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The decline of civilization is generally recognized, of course, as a gentle rolling slope of hubris, hurt feelings, credit crises, white flight, inbreeding, book burning, dog-eared Marxism, climate change and decadence, but naturally some peaks - or valleys; here the topographical metaphor begins its own decline - are more outstanding than others, and thus I submit that if you want to know when for me it was all washed up, it was when they announced that It would be beige and only beige.

It was, I think, the very inscrutability of Its beigeness that did it. This great land of individualism had been presented with a Canvas so blank and sub-tile that the projections upon It and implications stemming from It were embarrassingly idiosyncratic; one clever wag later noted Its startling similarity to the color of the emperor's clothes.

For days afterwards, we looked and looked for meaning in It, until we found ourselves exhausted and convinced that there was far more interesting things to discover in what It was not and thus could have been. Entire worlds sprung up, conspiracy theories awash in La Raza, Bilderberg, and cannibalism, single-serving blogs of cats wearing Them (their faces bizarrely pugnacious, forcing you to laugh by daring you not to), reality show promotions, YouTube musicals, beige crayon effigies (later determined to be oppressively toxic), at least one riot in Arizona (the first of 12 states to make wearing One mandatory. Vermont banned Them outright, and fights a thriving black market.) A performance artist out of Fresno covered her entire body in Them and drove around the city proclaiming herself the modern Lady Godiva. Venezuela cheekily released its Own, bearing our familiar tricolor scheme: infringement lawsuits and assassination attempts ensued. Al Sharpton went on Oprah, Tom Tancredo went on Rush, and George Lopez got an inordinate amount of mileage out of a pair of women's nylons placed over his head. Suddenly we were everywhere, and we were nowhere, and even the most mild-mannered of housewives could be found in grocery market aisles and fitness centers bitterly mouthing, "Not even a little green?"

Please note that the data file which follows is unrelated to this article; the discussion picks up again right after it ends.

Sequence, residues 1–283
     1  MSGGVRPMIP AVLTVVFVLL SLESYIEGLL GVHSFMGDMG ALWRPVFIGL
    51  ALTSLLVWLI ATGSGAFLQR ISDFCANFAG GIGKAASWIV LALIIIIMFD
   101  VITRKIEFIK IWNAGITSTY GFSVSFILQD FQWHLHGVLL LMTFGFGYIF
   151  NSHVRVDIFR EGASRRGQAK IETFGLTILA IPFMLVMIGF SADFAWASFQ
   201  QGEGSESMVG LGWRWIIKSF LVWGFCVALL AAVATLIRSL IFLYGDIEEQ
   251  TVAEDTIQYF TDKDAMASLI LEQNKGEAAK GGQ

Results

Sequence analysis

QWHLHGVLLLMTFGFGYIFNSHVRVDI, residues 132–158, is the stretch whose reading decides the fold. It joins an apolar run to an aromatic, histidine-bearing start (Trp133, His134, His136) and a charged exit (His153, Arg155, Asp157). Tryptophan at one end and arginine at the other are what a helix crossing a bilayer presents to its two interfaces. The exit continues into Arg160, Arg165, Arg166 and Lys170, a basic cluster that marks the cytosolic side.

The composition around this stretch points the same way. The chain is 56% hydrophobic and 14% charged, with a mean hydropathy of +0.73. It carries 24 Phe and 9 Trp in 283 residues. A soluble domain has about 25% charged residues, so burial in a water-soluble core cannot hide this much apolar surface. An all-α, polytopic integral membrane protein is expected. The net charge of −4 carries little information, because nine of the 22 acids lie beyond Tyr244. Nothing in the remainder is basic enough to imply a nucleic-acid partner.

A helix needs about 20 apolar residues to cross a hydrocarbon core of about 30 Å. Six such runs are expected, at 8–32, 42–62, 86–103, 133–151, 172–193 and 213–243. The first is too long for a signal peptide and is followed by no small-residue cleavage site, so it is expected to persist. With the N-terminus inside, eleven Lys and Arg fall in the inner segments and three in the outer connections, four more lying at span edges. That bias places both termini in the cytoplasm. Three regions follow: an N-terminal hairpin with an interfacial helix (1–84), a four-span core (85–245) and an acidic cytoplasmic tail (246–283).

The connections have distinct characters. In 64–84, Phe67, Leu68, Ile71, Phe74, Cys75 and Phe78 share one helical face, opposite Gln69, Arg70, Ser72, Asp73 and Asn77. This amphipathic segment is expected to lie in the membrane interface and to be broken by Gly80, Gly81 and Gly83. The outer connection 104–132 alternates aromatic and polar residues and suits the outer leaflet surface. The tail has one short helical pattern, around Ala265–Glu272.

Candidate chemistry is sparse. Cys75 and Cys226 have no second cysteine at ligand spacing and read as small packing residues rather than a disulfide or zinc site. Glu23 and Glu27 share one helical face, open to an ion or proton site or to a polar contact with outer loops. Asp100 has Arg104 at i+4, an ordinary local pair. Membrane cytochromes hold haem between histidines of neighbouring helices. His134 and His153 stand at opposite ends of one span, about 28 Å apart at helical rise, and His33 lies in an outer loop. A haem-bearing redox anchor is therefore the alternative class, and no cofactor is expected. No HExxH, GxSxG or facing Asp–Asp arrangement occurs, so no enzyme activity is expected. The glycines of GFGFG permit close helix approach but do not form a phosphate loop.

But by then we were already doomed, and so let us revisit the milk mid-spill. As the press conference hit its stride, the collective tone of newsroom disappointment was palpable. Certainly it came as a shock to the public, who had been wildly waving standards of seemingly limitless configurations of red, white, and blue (those splashed with rebellious grey proved to be, ironically, the most eye-catching nominees.) As a fashion model (Scandinavian) showed It off, cameras shuttering greedily in their natural habitat, the commentator on the channel we were watching was silent, perhaps waiting for instant poll results to properly attune his own personal reaction. This singular moment, when the talking heads were robbed of speech, I laughed out loud and threw my arms around a man I had never met and explained in precise detail what I have already conveyed to you, that we were witnessing the end of an era. The man stared at me strangely, but in the ensuing seconds of radio silence, I could see he caught my drift. He took one last long look at It, threw his whiskey sour down his throat, and made two steps for the door, in search of dollars or sense to be made.

Eventually the commentator coughed, subconsciously shrugged his shoulders, and offered, "It is a very vibrant beige," and in that contradictory assessment we had finally found America.